At Hummus Lina in Jerusalem, bowls of hummus are topped with mashed fava beans. Photo: Courtesy of ‘Make Hummus Not War.’
On his hop around the world, filmmaker Trevor Graham sampled countless bowls of hummus. But which are his favorites? We found out:
Lina, Jerusalem: This Palestinian-owned restaurant is buried deep in the Armenian quarter of Jerusalem’s Old City and seats only a few guests at its seven tables. The owner, who has been making hummus for 35 years, inherited his recipe from his father. “There’s no air conditioning or fan; it gets quite hot, but the hummus is delicious,” and worth it, Graham said.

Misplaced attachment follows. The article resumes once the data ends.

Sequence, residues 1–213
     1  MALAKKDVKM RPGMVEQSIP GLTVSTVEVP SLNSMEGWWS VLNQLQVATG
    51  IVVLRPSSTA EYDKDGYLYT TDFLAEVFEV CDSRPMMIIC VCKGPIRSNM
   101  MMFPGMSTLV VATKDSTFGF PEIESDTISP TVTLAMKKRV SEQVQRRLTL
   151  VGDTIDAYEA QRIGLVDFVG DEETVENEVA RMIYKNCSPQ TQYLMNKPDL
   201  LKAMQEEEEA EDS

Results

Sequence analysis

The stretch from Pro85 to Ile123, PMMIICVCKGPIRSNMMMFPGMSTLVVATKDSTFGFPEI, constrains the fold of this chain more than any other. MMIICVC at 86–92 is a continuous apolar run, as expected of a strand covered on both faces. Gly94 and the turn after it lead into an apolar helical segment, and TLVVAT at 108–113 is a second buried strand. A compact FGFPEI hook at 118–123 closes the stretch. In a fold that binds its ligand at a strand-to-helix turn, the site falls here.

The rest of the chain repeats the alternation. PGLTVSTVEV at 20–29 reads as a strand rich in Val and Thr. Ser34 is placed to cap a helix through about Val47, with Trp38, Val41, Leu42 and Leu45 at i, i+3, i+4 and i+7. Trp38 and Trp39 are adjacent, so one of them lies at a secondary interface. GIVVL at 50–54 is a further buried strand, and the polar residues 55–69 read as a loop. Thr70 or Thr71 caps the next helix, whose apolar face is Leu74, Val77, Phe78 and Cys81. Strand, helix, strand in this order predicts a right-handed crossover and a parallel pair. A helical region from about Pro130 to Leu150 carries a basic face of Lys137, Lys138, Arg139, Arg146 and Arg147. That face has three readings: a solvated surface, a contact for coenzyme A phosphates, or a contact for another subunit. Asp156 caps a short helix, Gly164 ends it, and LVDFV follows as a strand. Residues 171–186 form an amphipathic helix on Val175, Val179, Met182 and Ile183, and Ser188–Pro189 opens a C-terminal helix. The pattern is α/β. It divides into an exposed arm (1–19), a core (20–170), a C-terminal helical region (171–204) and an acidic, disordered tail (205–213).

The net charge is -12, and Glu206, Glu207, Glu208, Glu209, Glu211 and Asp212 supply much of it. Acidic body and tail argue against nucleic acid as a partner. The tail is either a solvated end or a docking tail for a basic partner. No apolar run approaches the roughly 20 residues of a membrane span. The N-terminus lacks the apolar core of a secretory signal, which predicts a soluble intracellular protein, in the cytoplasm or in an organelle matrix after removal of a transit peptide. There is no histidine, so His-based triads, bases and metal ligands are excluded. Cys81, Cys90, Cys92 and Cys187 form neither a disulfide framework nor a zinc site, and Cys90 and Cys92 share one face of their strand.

Soucci, Beirut: The owner of this famed hummus spot started making hummus when he was a child, 45 years ago, and “his father ran the place before him, and his grandfather started making hummus in the 19th century,” Graham said. While the hummus is some of the best, regulars also come for the atmosphere: “It’s just plastic tables and chairs, but you get prime ministers, opera singers, taxi drivers, locals going there.”
Pinati, Jerusalem: Outside the Old City walls, Graham likes to down his hummus at this small chain. “It became so popular, they opened up other shops in other parts of Israel,” he said. The shop’s hummus is super smooth and a bit lighter than others on offer around the country.
Hummus Place, New York City: Graham says the hummus at this mini-chain is delicious. though it’s been “slightly modified for the New York palette. The garlic’s been a bit toned down,” he noted.